Are COPD self-management mobile applications effective? A systematic review and meta-analysis

George Shaw, Maxine Whelan, Laura Armitage, Nia Roberts, Andrew Farmer

Research output: Contribution to journalArticle

Abstract

The burden of chronic obstructive pulmonary disease (COPD) to patients and health services is steadily increasing. Self-management supported by mobile device applications could improve outcomes for people with COPD. Our aim was to synthesize evidence on the effectiveness of mobile health applications compared with usual care. A systematic review was conducted to identify randomized controlled trials. Outcomes of interest included exacerbations, physical function, and Quality of Life (QoL). Where possible, outcome data were pooled for meta-analyses. Of 1709 citations returned, 13 were eligible trials. Number of exacerbations, quality of life, physical function, dyspnea, physical activity, and self-efficacy were reported. Evidence for effectiveness was inconsistent between studies, and the pooled effect size for physical function and QoL was not significant. There was notable variation in outcome measures used across trials. Developing a standardized outcome-reporting framework for digital health interventions in COPD self-management may help standardize future research.
Original languageEnglish
Article number11
Number of pages10
Journalnpj Primary Care Respiratory Medicine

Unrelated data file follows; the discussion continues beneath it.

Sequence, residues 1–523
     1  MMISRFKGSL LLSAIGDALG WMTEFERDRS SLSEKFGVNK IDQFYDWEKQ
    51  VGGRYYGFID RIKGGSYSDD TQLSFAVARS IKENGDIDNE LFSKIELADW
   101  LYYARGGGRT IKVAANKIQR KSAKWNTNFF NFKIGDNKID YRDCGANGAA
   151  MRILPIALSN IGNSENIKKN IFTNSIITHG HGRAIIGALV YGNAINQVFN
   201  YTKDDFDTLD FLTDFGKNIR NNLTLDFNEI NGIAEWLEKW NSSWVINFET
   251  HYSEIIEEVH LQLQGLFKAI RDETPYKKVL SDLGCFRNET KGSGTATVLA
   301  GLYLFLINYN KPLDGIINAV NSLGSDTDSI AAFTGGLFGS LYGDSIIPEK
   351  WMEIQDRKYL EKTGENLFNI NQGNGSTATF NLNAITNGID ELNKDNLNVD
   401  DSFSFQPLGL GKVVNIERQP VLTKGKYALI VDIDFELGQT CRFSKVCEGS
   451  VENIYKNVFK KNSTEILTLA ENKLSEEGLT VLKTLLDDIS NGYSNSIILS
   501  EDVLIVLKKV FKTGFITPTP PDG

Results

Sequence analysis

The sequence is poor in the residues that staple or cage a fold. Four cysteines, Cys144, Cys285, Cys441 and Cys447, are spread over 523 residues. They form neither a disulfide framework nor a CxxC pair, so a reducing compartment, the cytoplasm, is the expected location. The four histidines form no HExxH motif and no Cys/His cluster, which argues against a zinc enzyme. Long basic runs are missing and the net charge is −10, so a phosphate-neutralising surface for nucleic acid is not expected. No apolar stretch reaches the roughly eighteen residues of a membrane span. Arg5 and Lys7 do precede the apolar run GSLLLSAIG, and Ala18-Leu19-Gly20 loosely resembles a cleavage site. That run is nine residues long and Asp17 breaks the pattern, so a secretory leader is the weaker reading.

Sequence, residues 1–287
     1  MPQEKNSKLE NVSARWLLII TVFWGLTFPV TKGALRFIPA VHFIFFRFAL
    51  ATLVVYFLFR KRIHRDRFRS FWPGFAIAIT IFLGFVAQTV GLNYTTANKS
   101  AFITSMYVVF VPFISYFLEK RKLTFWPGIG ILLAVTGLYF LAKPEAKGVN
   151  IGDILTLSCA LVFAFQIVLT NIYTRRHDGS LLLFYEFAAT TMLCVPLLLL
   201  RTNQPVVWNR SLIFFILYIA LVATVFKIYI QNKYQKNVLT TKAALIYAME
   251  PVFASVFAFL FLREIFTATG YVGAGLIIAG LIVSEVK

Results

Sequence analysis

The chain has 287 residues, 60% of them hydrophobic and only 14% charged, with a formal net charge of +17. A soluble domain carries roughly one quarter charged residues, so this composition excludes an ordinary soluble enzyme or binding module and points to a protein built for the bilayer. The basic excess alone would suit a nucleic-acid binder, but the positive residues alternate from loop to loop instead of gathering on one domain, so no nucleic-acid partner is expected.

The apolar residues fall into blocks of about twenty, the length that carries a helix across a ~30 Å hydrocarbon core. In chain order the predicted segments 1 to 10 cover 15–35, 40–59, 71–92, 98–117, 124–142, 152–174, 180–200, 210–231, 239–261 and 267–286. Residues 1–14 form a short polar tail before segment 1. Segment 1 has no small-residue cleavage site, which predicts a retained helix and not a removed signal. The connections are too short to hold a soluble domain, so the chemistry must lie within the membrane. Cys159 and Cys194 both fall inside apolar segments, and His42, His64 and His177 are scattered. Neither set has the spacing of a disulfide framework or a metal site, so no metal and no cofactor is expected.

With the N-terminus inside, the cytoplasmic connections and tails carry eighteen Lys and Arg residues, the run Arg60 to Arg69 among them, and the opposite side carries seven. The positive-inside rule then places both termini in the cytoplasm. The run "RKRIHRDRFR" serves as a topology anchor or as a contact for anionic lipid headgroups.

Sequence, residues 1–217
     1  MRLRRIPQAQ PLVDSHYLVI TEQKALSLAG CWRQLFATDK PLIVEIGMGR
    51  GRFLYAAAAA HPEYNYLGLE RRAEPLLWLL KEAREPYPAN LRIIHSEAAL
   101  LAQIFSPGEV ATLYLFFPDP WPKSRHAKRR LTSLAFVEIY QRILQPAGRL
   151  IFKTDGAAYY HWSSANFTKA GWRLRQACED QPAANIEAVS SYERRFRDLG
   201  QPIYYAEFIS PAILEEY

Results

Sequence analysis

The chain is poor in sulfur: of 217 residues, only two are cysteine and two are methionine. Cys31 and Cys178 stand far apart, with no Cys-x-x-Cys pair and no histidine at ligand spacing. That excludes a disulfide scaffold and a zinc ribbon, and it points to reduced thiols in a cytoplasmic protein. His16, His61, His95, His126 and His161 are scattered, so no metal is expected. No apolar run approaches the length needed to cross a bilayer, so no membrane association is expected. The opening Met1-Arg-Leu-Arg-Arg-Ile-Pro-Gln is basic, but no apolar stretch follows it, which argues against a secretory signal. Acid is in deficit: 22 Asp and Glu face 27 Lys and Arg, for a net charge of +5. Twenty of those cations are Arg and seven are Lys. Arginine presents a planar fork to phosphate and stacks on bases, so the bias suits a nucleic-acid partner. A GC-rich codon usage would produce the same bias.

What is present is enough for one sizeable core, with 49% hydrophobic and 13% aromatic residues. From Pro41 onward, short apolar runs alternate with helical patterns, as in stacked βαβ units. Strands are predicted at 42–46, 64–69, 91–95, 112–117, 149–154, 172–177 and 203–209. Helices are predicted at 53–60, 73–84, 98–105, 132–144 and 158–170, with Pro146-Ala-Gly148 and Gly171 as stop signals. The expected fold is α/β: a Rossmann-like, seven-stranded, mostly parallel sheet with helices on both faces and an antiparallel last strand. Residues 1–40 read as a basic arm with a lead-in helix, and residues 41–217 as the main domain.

Volume30
Issue number1
DOIs
Publication statusPublished - 1 Apr 2020
Externally publishedYes

Bibliographical note

Open Access This article is licensed under a Creative Commons Attribution 4.0 International License, which permits use, sharing, adaptation, distribution and reproduction in any medium or format, as long as you give appropriate credit to the original author(s) and the source, provide a link to the Creative Commons license, and indicate if changes were made. The images or other third party material in this article are included in the article’s Creative Commons license, unless indicated otherwise in a credit line to the material. If material is not included in the article’s Creative Commons license and your intended use is not permitted by statutory regulation or exceeds the permitted use, you will need to obtain permission directly from the copyright holder. To view a copy of this license, visit http://creativecommons.org/licenses/by/4.0/.

Keywords

  • Chronic obstructive pulmonary disease
  • Quality of life
  • Respiratory signs and symptoms

ASJC Scopus subject areas

  • Pulmonary and Respiratory Medicine
  • Public Health, Environmental and Occupational Health

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